Presentation on theme: " In the 19 th century, copper, zinc, lead and slate were all mined. Quarry men worked away the whole of the mountain sides. Wales is has a lot of."— Presentation transcript:
In the 19 th century, copper, zinc, lead and slate were all mined. Quarry men worked away the whole of the mountain sides. Wales is has a lot of minerals and since the bronze ages it has been exploited for these.For these quarries to fully succeed there needed to be good transport links. This is why Snowdon has a railway. It made it easier to take the products to port. Early travellers to the area were botanists such as Thomas Johnston. Thomas Pennant popularized the area with his three volumed work on "Tours of Wales" written in In the early 17th century Capel Curig was renowned for its harp making. The old Turnpike road or Capel Curig Trust Road (now the A5) used gates and tollbars. Thomas Telford undertook the work of building a new and better road and work began in the Autumn of Nant y Benglog congregational chapel in the Ogwen Valley was opened in 1853 and is one of the smallest congregational chapels in Wales and continues to have regular services. Today the population of Capel Curig extends to just over two hundred. Tourism and Agriculture are the main sources of employment - each complementing the other
There are about 8 million day visits to Snowdonia every year. 91% of visitors arrive in Snowdonia in their cars. The graph below show the areas from which visitors travel to Snowdonia Tourism in Snowdonia was valued at £177.2m in 2000 and £196.9m in A day visitor spends £22 here on average, and those who stay overnight spend £25 on accommodation and £44 on food and entertainment. In a tourism survey in Gwynedd in 2000, the main reasons for travelling to this area were the views (39%), the peace and quiet (28%), beaches (20%), mountains (25%), Snowdonia National Park (24%) and the fact that it is so easy to get to the area (20%). The majority of the visitors visit North Snowdonia, with 62% of day visitors visiting Betws y Coed and 41% visiting the Ogwen Valley. This adds increased pressure on public footpaths in Snowdonia.
Things to do- Bird watching- The rich diversity of habitats in Snowdonia attracts many species of bird to the area. Walking- Snowdonia has been renowned for walking since Victorian times. Since then the main mountains of Snowdonia have been well trodden. Climbing- Snowdonia has some of the best and most varied rock climbing in the world, with a history dating back to the late nineteenth century. Mountain biking Snowdon mountain railway Slate museum Welsh Highland railway. King Arthur’s Labyrinth Harlech Castle Padarn Country Park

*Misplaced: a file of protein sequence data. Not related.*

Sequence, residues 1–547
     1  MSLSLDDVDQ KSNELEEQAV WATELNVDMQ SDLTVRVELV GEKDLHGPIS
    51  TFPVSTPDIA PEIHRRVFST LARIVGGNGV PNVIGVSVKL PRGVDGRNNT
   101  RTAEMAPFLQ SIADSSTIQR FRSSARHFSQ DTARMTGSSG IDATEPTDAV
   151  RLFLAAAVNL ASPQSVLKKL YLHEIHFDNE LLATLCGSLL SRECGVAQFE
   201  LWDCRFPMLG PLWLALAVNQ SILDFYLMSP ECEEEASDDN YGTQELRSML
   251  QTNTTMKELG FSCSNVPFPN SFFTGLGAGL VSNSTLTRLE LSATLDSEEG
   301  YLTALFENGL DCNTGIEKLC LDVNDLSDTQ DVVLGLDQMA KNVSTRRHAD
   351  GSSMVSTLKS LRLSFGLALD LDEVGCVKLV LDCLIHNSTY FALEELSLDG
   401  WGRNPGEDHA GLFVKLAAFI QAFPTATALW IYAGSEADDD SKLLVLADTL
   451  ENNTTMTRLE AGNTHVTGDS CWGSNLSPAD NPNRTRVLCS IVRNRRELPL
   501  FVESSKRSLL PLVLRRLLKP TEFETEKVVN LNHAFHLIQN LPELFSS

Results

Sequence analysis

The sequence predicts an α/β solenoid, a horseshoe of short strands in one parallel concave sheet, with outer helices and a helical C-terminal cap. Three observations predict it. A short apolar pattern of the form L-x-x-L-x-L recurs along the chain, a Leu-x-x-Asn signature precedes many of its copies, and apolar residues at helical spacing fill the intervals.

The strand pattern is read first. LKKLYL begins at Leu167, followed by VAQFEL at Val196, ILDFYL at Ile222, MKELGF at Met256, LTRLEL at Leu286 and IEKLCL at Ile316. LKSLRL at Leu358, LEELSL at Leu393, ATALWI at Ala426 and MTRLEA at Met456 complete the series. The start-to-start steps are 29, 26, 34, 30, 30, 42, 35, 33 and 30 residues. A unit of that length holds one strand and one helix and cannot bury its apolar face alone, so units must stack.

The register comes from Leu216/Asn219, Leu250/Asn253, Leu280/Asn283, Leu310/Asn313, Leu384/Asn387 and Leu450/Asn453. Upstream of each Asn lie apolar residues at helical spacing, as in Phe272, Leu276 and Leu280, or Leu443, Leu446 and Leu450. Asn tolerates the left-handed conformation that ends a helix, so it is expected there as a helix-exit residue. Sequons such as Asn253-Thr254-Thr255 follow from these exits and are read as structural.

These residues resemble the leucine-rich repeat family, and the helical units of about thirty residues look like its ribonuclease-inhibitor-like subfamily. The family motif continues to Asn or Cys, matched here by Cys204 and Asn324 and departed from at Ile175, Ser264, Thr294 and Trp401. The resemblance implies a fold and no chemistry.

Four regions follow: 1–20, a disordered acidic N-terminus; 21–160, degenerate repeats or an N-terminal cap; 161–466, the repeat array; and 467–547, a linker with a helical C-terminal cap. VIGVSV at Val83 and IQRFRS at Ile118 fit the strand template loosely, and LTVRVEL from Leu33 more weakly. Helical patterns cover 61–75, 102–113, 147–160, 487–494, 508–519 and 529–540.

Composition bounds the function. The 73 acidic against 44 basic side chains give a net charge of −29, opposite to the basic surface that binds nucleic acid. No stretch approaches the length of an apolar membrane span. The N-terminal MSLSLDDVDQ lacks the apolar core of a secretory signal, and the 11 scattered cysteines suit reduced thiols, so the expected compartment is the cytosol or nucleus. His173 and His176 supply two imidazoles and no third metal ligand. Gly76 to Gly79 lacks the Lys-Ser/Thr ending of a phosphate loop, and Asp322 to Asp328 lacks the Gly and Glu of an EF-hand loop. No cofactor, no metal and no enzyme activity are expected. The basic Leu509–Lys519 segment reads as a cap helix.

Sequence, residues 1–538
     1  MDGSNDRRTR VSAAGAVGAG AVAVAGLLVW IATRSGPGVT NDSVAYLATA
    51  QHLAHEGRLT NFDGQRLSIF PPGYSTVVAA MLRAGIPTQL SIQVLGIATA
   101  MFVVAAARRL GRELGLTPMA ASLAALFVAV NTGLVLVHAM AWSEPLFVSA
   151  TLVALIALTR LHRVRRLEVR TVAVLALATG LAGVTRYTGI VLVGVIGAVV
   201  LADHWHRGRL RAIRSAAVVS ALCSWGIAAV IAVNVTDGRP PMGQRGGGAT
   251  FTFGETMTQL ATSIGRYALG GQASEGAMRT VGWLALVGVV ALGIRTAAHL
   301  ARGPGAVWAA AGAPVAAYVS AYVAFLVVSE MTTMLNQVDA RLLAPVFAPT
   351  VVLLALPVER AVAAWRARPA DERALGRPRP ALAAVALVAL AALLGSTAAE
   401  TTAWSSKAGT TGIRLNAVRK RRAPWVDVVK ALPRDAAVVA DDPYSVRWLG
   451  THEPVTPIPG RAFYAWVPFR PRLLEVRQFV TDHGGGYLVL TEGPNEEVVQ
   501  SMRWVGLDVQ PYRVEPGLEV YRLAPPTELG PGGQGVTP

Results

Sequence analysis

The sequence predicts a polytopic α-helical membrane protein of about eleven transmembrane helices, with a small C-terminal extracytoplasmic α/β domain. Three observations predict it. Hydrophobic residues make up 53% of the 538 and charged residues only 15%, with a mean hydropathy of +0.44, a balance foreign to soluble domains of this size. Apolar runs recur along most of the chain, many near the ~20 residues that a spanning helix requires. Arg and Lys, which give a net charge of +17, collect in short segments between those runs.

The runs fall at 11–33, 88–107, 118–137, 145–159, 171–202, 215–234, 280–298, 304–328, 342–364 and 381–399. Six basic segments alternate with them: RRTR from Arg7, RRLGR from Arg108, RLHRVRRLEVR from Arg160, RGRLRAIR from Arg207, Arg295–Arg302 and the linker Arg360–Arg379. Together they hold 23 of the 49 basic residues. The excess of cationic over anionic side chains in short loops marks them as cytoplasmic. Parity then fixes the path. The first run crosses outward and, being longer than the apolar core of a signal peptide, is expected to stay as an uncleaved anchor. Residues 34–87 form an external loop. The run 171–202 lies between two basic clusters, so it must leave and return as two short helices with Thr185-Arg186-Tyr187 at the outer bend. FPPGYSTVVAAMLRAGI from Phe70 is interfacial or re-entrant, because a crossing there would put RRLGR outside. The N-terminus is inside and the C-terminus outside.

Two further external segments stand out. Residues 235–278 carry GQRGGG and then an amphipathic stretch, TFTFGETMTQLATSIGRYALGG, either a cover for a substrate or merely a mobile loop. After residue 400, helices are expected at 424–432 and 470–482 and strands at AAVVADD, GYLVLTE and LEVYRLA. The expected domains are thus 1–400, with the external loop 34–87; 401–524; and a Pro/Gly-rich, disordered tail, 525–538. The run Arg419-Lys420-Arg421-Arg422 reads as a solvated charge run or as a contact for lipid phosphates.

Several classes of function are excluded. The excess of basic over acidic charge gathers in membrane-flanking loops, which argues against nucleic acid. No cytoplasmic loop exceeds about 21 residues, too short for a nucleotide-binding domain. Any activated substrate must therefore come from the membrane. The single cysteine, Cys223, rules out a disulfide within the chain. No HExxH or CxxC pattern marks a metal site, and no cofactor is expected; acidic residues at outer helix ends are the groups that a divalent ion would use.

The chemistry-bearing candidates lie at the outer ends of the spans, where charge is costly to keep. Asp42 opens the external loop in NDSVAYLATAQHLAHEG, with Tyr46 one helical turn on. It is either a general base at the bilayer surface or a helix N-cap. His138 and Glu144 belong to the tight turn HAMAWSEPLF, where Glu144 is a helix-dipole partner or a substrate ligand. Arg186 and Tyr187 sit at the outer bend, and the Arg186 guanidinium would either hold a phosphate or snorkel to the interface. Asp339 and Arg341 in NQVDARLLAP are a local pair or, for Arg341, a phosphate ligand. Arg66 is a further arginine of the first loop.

The majority of the visitors visit North Snowdonia, with 62% of day visitors visiting Betws y Coed and 41% visiting the Ogwen Valley. This adds increased pressure on public footpaths in Snowdonia. Litter is a common problem, not only in villages, but on the mountains too. This can be dangerous to wild animals, and affects the beauty of the area. On the main routes, constant feet on the paths deepens and widens the footpath. This leads to less grazing land for animals and scars the landscape. SNPA in partnership with the National Trust and Countryside Council for Wales are working to improve the footpaths on these high grounds.
Sustainable Energy- With glaciated valleys, steep sides and hanging valleys above them, a lot of energy from water is produced. A very environmentally friendly way of producing energy. Rain water is piped and runs a turbine, then allowed to continue down the stream. This is what happens at Cwm Dvli at the foot of Snowdon. The power stations can produce enough energy for the whole of the United Kingdom in 16 seconds. Two lakes are used: Marchllyn Mawr is the upper lake at a height of 630m and Llyn Peris is the lowest at a height of 500m. Water flows through the middle of the mountain – Moel Eilio turning the turbines on its way. When electricity is cheap at night, the water is then pumped back into the upper lake.
Snowdon stands 1,085 metres (3,560 feet) high. Each year 350,000 people reach the summit, some on foot and some by train. The summit has 200 inches(508 cm) of rain per year, and can reach temparatures of 30 centigrade in high summer, and plummet to - 20 centigrade in the winter. Winds of up to 150 mph The summit buildings at the top can by covered by ice and snow between November and April. The Railway was built at the end of the 19th Century, first opening to passengers on 6th April The trains may be either steam or diesel worked, there being 5 operational steam locomotives, 4 diesel locomotives and a 3-car diesel-electric railcar set on the line. Many types of rock are to be seen there –sedimentary mudstone and igneous/volcanic rock.